Despite complaints that the cable interactive advertising consortium is moving too slowly, CEO David Verklin said Canoe Ventures is gaining speed, gearing up to launch an addressable advertising product — dubbed community addressable advertising — in the next four-to-six weeks.
While that is a bit later than the venture had originally expected — it had hoped to launch in the first quarter — it is at least progress for the year-old venture.
Verklin, speaking on a panel at The Cable Show here, said the product will allow advertisers to target messages to specific zones.
He used American Express as an example, which will send out an ad for its “Green” card nationwide, and at the same time ads for its “Gold” card to the 370 zones where household income exceeds $100,000 annually. Verklin said that about 18 million homes would receive the “gold” card message, while about 42 million homes would receive the “green” card ad.
Verklin also said that members of the venture will continue deploying Enhanced Binary Interchange Format technology, or EBIF, this year; that allows Internet protocol-TV functionality on virtually any set-top box. Comcast, one of the members of the Canoe venture, has already rolled out EBIF to about 10 million Motorola boxes.
Canoe has come under fire for dragging its heels on interactive advertising. Sanford Bernstein cable and satellite analyst Craig Moffett, who moderated the Cable Show panel, joked that he last year called Canoe a “small and primitive boat.”
“A year later,” Moffett said last Friday, “we could add slow and quiet.”
Time Warner Cable chief operating officer Landel Hobbs said that silence should not be mistaken for inactivity. MSOs have been quietly laying the technological foundation for interactive advertising, creating the standards that will make products possible.
“The key to making this work is technical standards,” Hobbs said. “You’re seeing the foundational stones being laid out there.”
But interactive advertising still has its problems, including just what to do with the data that is being accumulated on cable customers, how to use it and how to get more detail.
Turner Broadcasting Systems sales president David Levy said that obtaining more detailed information on viewers is essential for interactive advertising to work.
Levy said the existing data is “too generic. We have to work together to find something that works for ourselves and the cable operators.”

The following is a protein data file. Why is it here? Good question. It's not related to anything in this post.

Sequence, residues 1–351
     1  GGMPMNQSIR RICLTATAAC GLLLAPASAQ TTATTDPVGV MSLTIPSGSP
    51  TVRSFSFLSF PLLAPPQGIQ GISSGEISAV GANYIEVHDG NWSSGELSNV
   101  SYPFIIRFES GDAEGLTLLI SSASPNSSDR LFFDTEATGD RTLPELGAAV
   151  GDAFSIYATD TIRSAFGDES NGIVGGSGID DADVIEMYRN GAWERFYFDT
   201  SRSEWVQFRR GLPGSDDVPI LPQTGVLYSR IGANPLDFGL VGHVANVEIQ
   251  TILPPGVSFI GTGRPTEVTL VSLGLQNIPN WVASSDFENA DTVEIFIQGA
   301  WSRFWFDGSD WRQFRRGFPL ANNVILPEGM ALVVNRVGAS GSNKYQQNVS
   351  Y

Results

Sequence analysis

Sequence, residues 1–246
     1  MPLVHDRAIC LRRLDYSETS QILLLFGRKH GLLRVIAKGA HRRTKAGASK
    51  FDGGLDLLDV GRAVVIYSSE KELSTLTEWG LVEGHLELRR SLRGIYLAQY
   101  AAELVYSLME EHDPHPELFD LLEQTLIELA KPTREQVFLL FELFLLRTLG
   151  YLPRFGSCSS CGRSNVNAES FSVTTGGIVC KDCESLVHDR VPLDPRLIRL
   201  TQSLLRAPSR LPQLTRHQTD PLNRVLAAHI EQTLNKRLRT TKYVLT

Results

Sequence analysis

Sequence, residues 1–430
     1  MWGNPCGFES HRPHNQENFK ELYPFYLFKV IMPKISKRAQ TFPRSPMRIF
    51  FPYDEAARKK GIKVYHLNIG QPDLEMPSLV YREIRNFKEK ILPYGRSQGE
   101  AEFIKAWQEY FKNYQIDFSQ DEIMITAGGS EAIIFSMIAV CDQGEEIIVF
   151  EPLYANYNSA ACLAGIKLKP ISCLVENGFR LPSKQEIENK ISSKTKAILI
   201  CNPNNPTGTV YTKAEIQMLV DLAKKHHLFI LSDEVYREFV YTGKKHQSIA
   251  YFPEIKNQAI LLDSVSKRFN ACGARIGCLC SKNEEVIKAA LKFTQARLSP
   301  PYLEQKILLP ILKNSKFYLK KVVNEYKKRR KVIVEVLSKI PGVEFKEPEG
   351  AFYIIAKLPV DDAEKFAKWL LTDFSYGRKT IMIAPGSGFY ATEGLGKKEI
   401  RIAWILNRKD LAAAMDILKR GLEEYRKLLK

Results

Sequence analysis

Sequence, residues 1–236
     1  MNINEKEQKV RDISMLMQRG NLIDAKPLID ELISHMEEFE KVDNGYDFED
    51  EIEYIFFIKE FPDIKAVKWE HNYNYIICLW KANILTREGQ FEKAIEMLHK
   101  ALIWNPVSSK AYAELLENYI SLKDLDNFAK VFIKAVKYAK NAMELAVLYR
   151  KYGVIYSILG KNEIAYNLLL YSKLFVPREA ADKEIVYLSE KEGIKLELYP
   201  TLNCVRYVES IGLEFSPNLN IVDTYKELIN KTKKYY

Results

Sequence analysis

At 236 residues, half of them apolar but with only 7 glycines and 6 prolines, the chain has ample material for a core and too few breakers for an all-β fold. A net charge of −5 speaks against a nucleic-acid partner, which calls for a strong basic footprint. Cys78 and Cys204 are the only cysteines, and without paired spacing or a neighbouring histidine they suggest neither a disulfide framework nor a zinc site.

But despite the difficulties, all can agree on the fact that interactive advertising and the Canoe venture could be critical to cable.
“In the industry, there are a lot of things we debate, but there is no debate about Canoe,” Discovery Communications CEO David Zaslav said. “It’s hard to raise your hand and say that having a platform you can customize isn’t anything but a positive.”
Zaslav also commented on the potential threat of online video to operators and programmers. Discovery, he added, has opted to put mostly short-form clips of its shows on the Internet for free, a move to drive traffic to the television. But he said that while operators and programmers are in the same boat, they can’t ignore that a shift in viewing habits is beginning.
“We have to put our content on platforms people are consuming,” Zaslav said, adding that part of the problem was created by programmers who rushed to put all of their content on the Internet for free. He said that while that model obviously doesn’t work for everyone, all parties should be wary of what they ultimately decide.
“We have to be careful we don’t train people to view on platforms that are going to put us out of business,” Zaslav said.
Authentication appears to be a workable solution and one that Walt Disney Co. CEO Bob Iger supported in an earlier Cable Show appearance.
Burke also threw his support toward authentication, adding that Comcast expects to launch a national test of the technology in the summer.
Burke noted that authentication will be critical for cable companies and content owners, who he said derive 60% to 70% of their cash flow from cable.
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